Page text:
Your husband, Daniel, has made a career writing beautifully about his enthusiasms, like surfing and rock climbing, that are in many ways like religion. They don’t seem to have a utilitarian purpose, they can involve huge commitments of time, and to people outside the community they can seem silly: Who spends years looking for the perfect wave? Who ignores friends, family, and dissertation deadlines, and risks his life, just to figure out how to work that one face of a big rock? But surfing and rock climbing, like religion, offer community, excitement, intrigue, and, above all, a glimpse of the eternal, a kind of metaphysics.
Look, I’m hardly saying that a bat mitzvah guarantees the same thrill—for most children, it doesn’t. Indeed, as you say, you hated your bat mitzvah. But when a child does express an enthusiasm, parents have to understand it the way they’d understand surfing or rock climbing (or soccer, or cheerleading). All of these activities, can, if they becomes obsessions, tear families apart. All of them have downsides (concussions, death by fall at Yosemite, West Bank settlers). But as ways to seek community and meaning, they can all be wonderful. And they’re not interchangeable: for some children, religion gives what soccer or tae kwon do cannot. We don’t choose our callings.
A final thought about The Kitchen, synagogues generally, and bat mitzvahs: It sounds as if you have decided to go the independent-study route; you found Arik, who doesn’t work at a temple and studies with people in his home. He sounds great, and I wish you all well on your journey, truly. But keep in mind that Judaism really is a communal religion. I know that a lot of people, at all ages, have meaningful experiences in independent study, or with a few like-minded friends. But Jews aren’t like Christians. We believe that life is perfected in the family, and the network of families, and not in chastity, monasticism, or by living a hermetic life. You can come to Jesus through Bible study alone; you can’t come to Judaism without fellow Jews.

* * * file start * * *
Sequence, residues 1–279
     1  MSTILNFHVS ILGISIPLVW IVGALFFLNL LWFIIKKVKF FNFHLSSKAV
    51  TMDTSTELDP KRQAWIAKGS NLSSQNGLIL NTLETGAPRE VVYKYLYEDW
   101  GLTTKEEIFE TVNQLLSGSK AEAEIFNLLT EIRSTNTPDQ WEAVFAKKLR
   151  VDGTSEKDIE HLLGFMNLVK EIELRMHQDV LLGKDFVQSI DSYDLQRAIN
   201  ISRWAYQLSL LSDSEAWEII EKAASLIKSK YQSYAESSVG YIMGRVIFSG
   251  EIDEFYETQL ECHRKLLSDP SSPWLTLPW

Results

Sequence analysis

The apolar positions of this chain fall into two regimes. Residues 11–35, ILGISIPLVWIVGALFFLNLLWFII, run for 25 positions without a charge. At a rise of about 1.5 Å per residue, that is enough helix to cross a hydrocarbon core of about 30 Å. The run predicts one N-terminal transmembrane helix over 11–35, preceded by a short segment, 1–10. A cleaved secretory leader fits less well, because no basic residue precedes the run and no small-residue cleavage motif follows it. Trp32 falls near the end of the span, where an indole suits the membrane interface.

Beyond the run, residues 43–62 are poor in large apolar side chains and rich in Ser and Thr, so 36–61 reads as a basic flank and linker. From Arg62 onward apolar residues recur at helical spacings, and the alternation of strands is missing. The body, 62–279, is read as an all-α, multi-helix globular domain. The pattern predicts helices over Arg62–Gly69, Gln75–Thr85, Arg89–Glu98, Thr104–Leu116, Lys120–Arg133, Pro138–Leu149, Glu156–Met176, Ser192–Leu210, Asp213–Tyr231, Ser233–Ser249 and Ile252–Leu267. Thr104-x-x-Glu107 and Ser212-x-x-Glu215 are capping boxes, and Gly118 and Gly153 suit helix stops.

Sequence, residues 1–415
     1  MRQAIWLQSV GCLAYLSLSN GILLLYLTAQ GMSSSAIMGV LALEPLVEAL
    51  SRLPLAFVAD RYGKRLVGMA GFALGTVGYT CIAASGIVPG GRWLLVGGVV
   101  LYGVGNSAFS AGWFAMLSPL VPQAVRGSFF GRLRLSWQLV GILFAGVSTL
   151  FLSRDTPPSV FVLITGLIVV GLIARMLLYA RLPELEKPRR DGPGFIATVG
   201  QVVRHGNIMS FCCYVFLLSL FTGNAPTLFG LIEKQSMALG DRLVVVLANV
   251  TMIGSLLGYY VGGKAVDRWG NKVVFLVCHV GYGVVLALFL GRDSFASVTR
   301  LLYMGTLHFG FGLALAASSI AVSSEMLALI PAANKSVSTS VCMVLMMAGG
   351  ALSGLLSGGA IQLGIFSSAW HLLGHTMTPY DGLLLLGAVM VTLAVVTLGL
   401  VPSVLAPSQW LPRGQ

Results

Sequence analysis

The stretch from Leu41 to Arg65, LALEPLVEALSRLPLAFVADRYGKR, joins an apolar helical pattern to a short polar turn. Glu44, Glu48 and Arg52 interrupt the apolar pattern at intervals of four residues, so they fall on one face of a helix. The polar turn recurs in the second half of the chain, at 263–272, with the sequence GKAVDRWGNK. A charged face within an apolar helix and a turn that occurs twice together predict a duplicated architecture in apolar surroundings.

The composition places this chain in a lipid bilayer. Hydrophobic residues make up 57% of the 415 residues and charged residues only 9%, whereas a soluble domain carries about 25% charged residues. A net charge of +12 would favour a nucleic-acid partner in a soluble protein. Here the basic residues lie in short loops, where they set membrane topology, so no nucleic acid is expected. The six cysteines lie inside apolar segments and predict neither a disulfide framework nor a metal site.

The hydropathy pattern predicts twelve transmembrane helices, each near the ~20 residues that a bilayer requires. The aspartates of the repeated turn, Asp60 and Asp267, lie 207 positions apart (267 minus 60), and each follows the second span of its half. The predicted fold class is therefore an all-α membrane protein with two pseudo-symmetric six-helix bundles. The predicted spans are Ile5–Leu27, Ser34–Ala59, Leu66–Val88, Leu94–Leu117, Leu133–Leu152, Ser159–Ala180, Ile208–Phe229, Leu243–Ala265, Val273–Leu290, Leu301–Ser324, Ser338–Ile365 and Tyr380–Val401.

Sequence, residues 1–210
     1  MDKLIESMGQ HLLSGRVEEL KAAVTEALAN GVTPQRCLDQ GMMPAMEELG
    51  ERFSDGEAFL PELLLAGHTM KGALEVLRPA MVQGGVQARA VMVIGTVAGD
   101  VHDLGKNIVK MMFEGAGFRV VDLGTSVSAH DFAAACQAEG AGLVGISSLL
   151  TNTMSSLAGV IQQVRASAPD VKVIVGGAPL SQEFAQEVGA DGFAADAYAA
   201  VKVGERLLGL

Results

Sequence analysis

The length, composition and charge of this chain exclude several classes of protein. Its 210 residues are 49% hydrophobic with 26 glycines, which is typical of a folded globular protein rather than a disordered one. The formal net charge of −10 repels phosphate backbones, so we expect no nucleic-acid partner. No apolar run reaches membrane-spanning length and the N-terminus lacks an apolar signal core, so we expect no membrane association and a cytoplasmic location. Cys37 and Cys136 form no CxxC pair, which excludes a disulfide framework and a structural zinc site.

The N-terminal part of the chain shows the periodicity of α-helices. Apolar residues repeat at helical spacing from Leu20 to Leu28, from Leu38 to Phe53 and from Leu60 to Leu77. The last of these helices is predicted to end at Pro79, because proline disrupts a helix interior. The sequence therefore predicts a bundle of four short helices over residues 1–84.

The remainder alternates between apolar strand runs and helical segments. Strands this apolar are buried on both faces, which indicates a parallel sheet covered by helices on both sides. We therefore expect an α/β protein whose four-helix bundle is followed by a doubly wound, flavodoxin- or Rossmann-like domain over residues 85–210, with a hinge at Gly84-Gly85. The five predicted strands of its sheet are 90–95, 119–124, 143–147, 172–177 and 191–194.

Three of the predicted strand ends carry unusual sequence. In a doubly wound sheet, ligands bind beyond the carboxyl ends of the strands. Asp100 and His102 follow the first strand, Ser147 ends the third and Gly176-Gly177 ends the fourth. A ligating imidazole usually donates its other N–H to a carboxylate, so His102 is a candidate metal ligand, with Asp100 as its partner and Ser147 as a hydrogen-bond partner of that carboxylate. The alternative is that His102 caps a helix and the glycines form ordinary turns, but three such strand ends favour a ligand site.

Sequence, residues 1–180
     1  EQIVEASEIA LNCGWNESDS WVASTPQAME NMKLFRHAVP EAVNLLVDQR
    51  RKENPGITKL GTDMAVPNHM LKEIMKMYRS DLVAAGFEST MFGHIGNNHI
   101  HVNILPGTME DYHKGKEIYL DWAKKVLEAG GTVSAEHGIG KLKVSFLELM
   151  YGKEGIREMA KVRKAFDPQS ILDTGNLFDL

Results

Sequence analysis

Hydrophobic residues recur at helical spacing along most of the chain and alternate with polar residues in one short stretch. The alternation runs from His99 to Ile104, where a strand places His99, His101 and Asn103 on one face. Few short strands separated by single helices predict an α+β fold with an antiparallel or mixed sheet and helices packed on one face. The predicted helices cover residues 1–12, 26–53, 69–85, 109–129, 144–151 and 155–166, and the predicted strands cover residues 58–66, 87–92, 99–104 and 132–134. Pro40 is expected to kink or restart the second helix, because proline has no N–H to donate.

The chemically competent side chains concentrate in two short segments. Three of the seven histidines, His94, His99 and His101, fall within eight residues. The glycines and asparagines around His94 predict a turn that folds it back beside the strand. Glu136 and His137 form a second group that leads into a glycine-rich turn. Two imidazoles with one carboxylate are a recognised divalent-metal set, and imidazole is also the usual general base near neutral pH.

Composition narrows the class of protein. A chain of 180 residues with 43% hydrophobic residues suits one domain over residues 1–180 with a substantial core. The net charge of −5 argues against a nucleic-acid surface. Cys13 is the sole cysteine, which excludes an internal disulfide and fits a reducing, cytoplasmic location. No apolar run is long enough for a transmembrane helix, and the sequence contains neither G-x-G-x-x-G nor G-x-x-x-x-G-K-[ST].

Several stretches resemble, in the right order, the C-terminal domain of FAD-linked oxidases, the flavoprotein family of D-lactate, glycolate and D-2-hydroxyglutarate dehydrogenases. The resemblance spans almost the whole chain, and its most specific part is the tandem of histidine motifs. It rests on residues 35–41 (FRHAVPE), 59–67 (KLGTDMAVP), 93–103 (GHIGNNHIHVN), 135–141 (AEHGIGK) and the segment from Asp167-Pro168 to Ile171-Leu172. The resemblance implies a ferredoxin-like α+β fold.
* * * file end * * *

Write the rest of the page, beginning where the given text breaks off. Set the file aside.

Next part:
The fun parts of Jewish life, should your daughter keep with this religion thing, will be the communal ones: Passover seders, Hanukkah parties, building a sukkah in the backyard and inviting friends for dinner to enjoy it. And the most moving times may involve doing the things that grown-up Jews, those who have reached bat mitzvah age, should do. They are basically communal obligations: visiting old people in the hospital; giving tzedakah (charity); gathering with others to repent on Yom Kippur; or helping to make a minyan, a prayer quorum of ten adult Jews, for people who are in mourning.
What this means is that, in a pretty important way, Judaism as an individual journey doesn’t quite make sense. Somebody trying to figure out what Judaism means to her needs to meet elderly Jews, young couples with new babies, special-needs and disabled Jews, great scholars who mumble, etc. Like a lot of activities our kids want us to sign them up for, it requires getting in touch with the whole crazy subculture, at least for a few months or a year. Maybe that’s at The Kitchen, maybe a synagogue, maybe something else; the Bay Area, where you live, has as many funky, alternative ways to do Judaism as anywhere in the world.
I realize it might sound as if I am assigning you and your husband, or your daughter, work. I don’t mean to. Rather, I just want to suggest that if she has a Jewish itch to scratch, learning a little Hebrew and doing some one-on-one study, in preparation for a short ritual, may not be going about it the right way. The search for Jewish connection is, usually, a search for one’s tribe—who may, even within Judaism, be right-wing or left-, straight or queer, uptight or crazytown. Lord knows that Judaism, like every other American institution—sports, business, academia, journalism—is filled with a lot of people who are corrupt, spiritually hollow, and dishonest. It can take years to find the ones you jell with. But that’s the goal, and having Mom and Dad on her side, willing to help her with good cheer and carpool hours, may be what Hannah needs.
Happy New Year 5776, and best of luck to the four of you. If you need a seder next year, and you don’t mind four daughters and two dogs, you’re invited to my place.
Mark Oppenheimer is a Senior Editor at Tablet. He hosts the podcast Unorthodox. He has contributed to Slate and Mother Jones, among many other publications. He is the author, most recently, of Squirrel Hill: The Tree of Life Synagogue Shooting and the Soul of a Neighborhood.